More information about Helen can be found on her website at: http://www.helenkelley-patchworks.com.

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John and I are in the airport waiting to get on the plane. We are really excited about the next round of guests - something for everyone! Want a hint?

SN,ES,EC,DW,VW,JF........just to name a few..............oh I can be so mean! LOL

If you are going to be at one of the tapings - time to raise your hand!

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Story Submitted by: linmcquilter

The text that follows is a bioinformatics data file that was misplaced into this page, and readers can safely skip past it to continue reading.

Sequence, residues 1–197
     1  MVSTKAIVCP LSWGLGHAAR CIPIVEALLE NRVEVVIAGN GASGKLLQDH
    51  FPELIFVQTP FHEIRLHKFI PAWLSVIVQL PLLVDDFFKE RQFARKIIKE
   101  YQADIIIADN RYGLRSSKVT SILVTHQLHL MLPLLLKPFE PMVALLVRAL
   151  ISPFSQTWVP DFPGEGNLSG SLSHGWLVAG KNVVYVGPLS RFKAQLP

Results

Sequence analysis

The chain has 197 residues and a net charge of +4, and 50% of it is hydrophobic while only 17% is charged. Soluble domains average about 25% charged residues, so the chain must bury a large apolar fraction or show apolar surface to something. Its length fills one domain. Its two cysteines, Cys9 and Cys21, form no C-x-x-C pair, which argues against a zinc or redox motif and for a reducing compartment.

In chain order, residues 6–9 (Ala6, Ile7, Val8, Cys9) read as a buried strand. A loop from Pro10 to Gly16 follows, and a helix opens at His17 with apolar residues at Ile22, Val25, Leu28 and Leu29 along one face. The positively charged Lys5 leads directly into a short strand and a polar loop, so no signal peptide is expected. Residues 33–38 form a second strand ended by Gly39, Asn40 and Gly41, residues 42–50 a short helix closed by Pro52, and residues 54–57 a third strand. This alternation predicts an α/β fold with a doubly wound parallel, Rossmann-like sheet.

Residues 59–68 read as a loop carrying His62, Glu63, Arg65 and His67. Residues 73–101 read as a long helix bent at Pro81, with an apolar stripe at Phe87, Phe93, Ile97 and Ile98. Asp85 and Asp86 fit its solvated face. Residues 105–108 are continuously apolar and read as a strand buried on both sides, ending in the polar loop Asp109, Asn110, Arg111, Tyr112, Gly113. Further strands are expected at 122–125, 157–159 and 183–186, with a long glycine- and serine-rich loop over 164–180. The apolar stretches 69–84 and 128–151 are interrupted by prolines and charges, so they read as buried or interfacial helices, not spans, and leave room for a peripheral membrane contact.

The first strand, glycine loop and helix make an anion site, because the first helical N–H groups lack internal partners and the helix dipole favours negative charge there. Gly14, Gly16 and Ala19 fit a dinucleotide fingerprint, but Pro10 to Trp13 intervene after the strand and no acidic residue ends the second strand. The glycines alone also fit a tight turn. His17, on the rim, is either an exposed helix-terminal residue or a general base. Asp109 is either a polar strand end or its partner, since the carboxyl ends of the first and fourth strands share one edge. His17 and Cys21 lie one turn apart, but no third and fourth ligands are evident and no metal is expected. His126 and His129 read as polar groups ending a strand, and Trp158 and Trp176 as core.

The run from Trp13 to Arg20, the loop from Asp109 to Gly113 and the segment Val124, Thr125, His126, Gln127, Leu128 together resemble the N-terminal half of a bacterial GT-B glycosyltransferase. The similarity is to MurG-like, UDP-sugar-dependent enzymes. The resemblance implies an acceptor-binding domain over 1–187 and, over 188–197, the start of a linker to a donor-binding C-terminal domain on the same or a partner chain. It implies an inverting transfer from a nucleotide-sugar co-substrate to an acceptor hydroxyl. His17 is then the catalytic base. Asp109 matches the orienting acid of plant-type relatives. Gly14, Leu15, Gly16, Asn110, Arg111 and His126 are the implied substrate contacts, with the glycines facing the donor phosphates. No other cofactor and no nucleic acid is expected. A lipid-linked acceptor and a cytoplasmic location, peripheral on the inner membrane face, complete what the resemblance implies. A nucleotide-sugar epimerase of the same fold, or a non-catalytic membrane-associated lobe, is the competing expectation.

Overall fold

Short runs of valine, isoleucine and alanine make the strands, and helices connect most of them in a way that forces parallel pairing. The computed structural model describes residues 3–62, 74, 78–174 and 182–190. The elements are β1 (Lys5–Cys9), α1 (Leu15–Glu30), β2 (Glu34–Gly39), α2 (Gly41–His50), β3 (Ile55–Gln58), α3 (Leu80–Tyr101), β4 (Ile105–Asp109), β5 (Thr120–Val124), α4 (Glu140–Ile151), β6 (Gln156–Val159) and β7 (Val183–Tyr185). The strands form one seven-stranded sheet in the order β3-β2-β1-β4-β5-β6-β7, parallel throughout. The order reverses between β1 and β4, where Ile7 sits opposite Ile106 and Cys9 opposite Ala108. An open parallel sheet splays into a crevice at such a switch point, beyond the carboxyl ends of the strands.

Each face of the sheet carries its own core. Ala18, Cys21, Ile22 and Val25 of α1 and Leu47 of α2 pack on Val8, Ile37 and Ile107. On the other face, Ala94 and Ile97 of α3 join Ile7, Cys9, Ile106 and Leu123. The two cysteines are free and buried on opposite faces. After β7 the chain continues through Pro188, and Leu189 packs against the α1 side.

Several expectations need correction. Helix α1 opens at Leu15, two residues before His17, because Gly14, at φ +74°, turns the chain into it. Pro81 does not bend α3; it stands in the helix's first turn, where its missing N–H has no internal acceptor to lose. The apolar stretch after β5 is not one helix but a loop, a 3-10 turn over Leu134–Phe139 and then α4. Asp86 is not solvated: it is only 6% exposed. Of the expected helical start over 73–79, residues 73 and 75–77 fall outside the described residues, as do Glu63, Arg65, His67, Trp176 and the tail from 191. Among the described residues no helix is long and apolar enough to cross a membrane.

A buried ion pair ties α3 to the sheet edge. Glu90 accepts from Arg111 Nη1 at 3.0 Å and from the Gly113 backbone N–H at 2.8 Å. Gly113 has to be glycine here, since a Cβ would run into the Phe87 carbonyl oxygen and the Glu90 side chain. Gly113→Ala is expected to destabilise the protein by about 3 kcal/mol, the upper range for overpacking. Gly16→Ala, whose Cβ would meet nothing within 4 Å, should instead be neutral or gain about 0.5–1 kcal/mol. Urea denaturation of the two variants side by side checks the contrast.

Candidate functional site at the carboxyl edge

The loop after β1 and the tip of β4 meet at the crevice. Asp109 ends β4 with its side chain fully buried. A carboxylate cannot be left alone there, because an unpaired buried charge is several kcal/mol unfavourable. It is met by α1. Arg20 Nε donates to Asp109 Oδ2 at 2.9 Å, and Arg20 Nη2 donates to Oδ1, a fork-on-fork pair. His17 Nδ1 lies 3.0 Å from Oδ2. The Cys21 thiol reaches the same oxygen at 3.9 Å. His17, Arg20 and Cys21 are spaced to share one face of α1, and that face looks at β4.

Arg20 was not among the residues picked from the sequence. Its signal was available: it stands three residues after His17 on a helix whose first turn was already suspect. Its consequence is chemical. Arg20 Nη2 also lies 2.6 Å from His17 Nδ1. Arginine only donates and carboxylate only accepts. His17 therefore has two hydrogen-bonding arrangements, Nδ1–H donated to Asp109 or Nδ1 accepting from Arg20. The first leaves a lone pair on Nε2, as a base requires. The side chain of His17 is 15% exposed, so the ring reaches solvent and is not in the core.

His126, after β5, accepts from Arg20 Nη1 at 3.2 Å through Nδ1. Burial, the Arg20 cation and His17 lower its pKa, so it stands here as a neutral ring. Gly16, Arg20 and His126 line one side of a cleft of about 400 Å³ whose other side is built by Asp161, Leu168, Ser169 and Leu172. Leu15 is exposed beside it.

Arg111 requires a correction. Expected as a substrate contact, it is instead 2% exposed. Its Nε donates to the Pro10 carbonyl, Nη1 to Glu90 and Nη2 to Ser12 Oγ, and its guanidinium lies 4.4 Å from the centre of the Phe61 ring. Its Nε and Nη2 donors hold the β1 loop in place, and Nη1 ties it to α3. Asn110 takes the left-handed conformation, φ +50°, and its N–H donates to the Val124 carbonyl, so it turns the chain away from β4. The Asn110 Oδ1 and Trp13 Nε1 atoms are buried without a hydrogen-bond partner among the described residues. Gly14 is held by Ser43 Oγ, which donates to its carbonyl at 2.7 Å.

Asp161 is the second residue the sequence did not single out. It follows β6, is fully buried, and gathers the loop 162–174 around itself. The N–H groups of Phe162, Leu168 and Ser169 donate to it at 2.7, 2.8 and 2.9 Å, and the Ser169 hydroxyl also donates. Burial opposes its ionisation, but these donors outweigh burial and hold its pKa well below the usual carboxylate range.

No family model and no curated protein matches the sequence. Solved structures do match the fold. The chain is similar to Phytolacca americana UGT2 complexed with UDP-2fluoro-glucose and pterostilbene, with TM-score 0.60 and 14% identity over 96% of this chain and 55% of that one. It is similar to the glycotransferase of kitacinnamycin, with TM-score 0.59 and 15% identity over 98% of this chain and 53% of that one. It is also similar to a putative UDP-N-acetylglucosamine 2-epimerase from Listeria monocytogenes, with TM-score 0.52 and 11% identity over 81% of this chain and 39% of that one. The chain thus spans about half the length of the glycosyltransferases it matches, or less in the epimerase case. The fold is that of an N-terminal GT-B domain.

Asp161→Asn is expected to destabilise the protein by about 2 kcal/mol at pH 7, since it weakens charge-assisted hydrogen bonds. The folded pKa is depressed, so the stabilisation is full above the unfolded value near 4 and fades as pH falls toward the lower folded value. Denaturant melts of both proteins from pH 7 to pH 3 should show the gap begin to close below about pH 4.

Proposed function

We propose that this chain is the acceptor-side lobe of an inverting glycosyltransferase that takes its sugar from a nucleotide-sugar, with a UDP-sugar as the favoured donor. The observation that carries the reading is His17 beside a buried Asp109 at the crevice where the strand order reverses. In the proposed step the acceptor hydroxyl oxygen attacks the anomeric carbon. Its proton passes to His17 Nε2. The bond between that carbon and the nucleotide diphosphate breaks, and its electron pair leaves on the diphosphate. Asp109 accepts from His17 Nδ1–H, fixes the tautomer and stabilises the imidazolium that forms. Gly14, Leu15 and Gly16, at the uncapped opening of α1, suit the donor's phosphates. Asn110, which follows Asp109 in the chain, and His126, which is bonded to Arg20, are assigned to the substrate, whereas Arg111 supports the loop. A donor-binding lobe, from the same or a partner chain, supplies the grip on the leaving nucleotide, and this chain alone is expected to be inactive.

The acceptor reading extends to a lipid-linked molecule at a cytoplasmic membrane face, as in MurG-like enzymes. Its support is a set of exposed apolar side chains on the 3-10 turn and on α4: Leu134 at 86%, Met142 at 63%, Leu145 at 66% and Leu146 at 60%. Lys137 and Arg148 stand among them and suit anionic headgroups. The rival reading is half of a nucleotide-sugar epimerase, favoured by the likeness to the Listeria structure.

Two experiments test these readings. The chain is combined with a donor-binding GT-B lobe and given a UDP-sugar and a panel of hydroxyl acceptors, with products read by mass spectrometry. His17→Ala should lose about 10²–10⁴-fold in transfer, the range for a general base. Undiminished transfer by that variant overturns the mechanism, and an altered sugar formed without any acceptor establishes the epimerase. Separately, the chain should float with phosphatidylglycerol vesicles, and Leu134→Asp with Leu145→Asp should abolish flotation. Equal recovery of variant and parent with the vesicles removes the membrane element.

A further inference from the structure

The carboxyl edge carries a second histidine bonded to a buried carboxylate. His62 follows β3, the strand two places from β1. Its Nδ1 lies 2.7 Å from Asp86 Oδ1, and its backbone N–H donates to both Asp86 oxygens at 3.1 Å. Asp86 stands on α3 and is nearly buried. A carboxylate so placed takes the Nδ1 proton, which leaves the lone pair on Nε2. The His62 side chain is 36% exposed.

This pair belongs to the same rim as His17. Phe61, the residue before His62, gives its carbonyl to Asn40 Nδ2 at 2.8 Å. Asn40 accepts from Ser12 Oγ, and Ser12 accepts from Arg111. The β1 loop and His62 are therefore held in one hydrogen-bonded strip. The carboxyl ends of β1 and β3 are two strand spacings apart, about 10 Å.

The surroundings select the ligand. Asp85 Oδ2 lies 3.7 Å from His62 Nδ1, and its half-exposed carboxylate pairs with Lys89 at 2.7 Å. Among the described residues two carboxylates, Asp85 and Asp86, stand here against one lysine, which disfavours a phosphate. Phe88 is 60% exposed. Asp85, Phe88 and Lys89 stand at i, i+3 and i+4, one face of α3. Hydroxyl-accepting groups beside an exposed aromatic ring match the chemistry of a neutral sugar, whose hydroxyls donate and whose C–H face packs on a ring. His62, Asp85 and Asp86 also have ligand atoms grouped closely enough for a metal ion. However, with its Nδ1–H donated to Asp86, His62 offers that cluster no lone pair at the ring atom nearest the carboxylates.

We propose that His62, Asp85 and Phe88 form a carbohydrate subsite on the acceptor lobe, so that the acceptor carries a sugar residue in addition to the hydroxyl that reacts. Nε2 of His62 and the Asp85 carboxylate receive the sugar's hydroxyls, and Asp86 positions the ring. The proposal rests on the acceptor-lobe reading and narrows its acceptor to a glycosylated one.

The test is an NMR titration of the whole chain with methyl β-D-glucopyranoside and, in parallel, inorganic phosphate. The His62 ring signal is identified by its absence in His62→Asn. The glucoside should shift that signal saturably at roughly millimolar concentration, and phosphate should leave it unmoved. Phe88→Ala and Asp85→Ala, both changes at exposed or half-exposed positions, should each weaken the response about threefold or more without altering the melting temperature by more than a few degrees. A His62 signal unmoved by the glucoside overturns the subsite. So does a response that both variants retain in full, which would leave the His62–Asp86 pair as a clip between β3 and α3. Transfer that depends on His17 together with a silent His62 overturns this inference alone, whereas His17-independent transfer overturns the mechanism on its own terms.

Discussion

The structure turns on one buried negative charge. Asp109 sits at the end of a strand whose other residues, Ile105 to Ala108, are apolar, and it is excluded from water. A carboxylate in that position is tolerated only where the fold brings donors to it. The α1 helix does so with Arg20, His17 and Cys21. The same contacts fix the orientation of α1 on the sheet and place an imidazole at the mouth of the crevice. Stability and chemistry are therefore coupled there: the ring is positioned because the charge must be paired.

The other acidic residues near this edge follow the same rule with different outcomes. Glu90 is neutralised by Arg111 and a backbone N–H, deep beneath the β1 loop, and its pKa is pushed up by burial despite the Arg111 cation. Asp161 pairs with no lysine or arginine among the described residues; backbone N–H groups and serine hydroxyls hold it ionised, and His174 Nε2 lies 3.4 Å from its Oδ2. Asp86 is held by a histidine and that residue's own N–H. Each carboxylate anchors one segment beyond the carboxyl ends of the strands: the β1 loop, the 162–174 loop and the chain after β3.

I was visiting an old friend I hadn't seen in years. After I shared my relatively new interest in quilting (about 5 years worth), she said, "Maybe you'd like to see my mother's quilt. It's nothing fancy, but it needs repair. Perhaps you could tell me what could be done with it." I love old quilts, and was anxious to see it and give some advice! My friend brought out a bed-size quilt that her mother had made. Her family was Mennonite (akin to the Amish), but this was the only quilt her mother had made. And her mother died early, when my friend was a little girl, of pancreatic cancer. This was the only thing she had left from her mother, as her father had re-married and everything else had been disposed of. I examined the quilt carefully, and this is what I found: The background fabric was white, and looked like cotton dish towels, seamed together. Each block had an embroidered flower in it (all the same design.) in pink and green. The embroidery was frayed in places. The outer border, a light green, had deteriorated in places. The hand-quilting, which was a simple channel design on the diagonal, was missing in several places. As I examined the quilting closely, I could see it was not particularly skillful, but nevertheless beautiful in its own way. The thread was pink. I laughed when I noticed one of the channel lines got "lost," and actually diverted into an adjoining line! I imagined this mother wanting to make a quilt but probably feeling the effects of her illness. Perhaps it was going to be cross-hatched, but she didn't have the energy to do that. The binding was also in poor shape, and my friend shared with me that her stepmother had tried to repair the first binding, but didn't do a very good job. It was simply stitched onto the edge with the sewing machine, and was uneven and unsightly. I decided the back of the quilt was OK, as my friend told me the quilt would not be used as a bed quilt, but would simply be displayed. I wanted to leave as much of the original as possible. Needless to say, I brought the quilt home to work on it. I was thrilled to find a matching hand-quilting thread, and set to work. I picked out old, frayed stitches and re-stitched, trying to match the original quilting. I did the same with the embroidery stitches, using matching floss. Then came the border. With today's vintage fabric reproductions, I was able to find the exact solid green! I was thrilled. I removed the tattered parts and inserted new borders where necessary. The binding? I totally removed the binding that was there and put on new, again using a matching vintage reproduction. Nothing was more rewarding than being able to return this quilt to its owner, now refurbished and ready to display! I trust it will be a comforting reminder of the mother she lost, the love they shared, and also our friendship. I was so happy to be able to help.